The name of the book I read is ‘The Worst Hard Time’ by Timothy Egan. Timothy Egan is an American author, journalist and op-ed columnist for The New York Times and has written a total of seven books. ‘The Worst Hard Time’ perfectly captures Americas worst environmental disaster through the eyes of those that experienced it first-hand, better known as the Dust Bowl. The Dust Bowl primarily affected southeastern Colorado, southwest Kansas and parts of Oklahoma and Texas from 1930-1936. The Dust Bowl was known for its catastrophic effects on American agriculture and the neighboring communities.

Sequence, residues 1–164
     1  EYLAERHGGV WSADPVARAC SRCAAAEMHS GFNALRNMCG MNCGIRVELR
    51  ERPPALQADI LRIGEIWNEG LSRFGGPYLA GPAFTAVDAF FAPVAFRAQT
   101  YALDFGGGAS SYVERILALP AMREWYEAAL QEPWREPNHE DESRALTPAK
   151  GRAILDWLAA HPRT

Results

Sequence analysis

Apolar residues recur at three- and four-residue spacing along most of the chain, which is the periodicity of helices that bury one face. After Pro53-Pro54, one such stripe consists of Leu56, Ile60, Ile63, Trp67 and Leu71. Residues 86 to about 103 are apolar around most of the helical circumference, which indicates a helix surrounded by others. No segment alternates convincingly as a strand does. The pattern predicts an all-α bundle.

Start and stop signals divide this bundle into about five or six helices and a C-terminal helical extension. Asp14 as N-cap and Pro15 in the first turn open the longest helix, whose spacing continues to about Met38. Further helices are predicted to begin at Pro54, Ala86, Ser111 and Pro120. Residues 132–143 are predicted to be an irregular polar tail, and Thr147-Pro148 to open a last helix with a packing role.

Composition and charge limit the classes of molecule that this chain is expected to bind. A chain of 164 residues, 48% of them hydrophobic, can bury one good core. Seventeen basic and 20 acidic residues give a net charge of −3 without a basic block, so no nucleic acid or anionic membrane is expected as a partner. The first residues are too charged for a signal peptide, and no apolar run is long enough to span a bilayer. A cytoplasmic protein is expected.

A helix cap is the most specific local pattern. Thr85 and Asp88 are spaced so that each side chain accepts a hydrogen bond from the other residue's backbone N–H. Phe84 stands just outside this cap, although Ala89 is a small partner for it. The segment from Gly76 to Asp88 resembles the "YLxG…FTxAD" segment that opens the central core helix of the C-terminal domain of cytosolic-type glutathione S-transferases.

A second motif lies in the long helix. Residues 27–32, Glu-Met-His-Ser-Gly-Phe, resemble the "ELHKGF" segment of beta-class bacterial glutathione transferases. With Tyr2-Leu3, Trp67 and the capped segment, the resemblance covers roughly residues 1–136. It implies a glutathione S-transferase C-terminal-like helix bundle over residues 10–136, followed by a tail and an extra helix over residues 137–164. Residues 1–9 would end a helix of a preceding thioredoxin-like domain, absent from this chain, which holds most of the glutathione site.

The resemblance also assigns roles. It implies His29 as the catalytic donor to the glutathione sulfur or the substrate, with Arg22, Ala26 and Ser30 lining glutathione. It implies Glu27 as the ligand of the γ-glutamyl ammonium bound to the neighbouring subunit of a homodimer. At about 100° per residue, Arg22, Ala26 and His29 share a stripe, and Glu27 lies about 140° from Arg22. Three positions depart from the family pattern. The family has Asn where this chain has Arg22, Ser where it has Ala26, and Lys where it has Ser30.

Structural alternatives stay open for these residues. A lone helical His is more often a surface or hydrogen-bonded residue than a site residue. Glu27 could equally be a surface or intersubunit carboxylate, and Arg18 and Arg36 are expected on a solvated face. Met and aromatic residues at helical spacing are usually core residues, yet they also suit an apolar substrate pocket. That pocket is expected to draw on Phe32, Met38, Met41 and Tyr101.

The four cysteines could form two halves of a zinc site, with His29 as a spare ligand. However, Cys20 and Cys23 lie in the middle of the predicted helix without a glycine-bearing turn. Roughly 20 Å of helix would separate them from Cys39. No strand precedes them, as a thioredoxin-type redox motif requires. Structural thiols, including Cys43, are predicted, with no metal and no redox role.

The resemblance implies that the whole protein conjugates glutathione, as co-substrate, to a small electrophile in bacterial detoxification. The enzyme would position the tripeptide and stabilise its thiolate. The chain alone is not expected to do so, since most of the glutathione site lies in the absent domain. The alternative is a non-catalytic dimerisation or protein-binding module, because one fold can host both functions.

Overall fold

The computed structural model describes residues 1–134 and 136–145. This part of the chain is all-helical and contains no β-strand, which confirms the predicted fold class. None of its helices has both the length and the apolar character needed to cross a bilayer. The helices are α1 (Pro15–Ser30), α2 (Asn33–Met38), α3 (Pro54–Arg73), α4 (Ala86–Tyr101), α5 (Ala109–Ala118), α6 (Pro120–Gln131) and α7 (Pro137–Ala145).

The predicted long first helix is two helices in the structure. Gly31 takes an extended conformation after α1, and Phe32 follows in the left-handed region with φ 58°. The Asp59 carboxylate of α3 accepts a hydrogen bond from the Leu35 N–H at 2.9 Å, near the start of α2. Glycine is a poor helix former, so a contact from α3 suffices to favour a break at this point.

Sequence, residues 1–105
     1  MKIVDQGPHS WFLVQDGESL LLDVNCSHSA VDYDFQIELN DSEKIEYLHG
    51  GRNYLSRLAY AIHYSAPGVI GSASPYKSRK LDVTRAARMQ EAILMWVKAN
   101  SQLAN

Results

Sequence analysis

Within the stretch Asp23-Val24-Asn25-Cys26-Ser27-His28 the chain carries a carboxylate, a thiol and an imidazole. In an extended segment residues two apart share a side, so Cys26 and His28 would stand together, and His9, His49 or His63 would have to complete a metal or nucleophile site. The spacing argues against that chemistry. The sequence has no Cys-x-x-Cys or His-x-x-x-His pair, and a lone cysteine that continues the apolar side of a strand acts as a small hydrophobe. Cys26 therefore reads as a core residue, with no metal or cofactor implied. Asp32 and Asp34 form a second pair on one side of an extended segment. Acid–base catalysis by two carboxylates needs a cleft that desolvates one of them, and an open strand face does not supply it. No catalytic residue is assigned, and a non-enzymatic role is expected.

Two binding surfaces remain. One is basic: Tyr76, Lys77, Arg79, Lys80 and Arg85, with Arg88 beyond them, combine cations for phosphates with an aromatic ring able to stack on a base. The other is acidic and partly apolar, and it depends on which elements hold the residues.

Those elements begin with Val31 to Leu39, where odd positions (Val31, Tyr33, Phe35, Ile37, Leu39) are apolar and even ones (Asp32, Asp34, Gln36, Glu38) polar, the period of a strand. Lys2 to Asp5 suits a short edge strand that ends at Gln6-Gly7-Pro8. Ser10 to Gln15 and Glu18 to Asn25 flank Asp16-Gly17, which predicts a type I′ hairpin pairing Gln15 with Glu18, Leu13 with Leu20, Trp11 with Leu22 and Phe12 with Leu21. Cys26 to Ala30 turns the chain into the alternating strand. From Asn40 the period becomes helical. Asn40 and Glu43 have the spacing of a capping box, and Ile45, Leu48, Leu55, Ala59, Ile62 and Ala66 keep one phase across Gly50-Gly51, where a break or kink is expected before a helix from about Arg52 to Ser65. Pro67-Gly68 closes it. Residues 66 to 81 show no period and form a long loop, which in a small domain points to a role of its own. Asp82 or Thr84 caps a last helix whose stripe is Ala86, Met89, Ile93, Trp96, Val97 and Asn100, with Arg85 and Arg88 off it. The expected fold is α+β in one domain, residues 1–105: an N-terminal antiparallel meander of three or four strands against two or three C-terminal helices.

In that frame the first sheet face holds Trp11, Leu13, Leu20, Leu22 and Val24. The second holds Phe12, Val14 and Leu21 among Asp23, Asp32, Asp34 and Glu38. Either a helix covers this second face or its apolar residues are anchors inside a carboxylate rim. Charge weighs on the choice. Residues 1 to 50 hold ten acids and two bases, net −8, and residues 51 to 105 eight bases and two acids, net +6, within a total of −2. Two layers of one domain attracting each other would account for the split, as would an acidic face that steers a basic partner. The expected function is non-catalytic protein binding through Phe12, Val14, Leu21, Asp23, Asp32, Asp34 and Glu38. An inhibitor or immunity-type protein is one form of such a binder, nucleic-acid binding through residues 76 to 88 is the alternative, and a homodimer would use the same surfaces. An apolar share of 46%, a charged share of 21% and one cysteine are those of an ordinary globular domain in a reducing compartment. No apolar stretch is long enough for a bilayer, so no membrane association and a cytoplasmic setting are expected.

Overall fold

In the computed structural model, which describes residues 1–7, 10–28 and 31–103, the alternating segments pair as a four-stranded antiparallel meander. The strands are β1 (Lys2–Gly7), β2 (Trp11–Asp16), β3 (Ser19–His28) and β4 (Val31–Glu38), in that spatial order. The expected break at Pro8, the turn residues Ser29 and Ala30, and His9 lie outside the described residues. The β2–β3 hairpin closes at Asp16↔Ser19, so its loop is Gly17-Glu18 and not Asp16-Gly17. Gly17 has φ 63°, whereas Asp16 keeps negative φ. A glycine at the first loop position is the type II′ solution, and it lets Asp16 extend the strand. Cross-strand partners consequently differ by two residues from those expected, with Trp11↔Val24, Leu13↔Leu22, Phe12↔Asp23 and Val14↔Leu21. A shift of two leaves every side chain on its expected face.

The story begins when we are introduced to Bam White, a ranch hand traveling from Las Animas, Colorado to Littlefield, Texas for a brand-new start as Texas was the place to be for a ranch hand such as Bam. However, little did Bam White know that the once legendary XIT ranch, was now in shambles, suffering from drought, and having no cattle to their name. Realtors who were in a desperate attempt to sell land, handed lies to clients while pan handle farmers told people to stay away at all costs. Unfortunately, while Bam White and his family were resting in Dalhart, a small town one-hundred-seventy-six miles from their destination, he came to realize one of his horses had passed away, meaning that they could travel no further and he would be forced to look for work in the town they had only been supposed to be passing through. Meanwhile, in the story we are introduced to a young woman named Hazel and her father Carlyle Lucas who were settled in Boise City, Oklahoma. With the onset of World War One, Carlyle Lucas turned towards the wheat boom, as the war had caused the price of wheat to nearly double and he looked to support his family in any way possible. Carlyle would make nearly eight thousand a year which was incredibly fortunate in 1917. The people of Boise City were thriving, being able to replace their horses with Model-T’s, and loans that were previously impossible to receive, were now being granted all around the region, but it all seemed to be happening too fast. Bam White in the meantime, was struggling to find a job as a ranch hand and turned to the wheat just as many others in farmland were for the time being. However, the overuse of land for farming caused a glut of wheat in the U.S, marking the beginning of the end as wheat prices entered a downward spiral, and farmers were forced to produce more to support their families. Soon after, the stock market crashed, causing the people of the southern high plains to lose their savings due to bank closures while president Hoover refused to purchase the mass supply of wheat the farmers had produced. To make matters worse, on September 14th, 1930, the first of hundreds of dust storms began to arise. Businesses were failing, crops cost more to grow than to purchase, America’s soil had lost its life, and drought ravaged the southern highlands.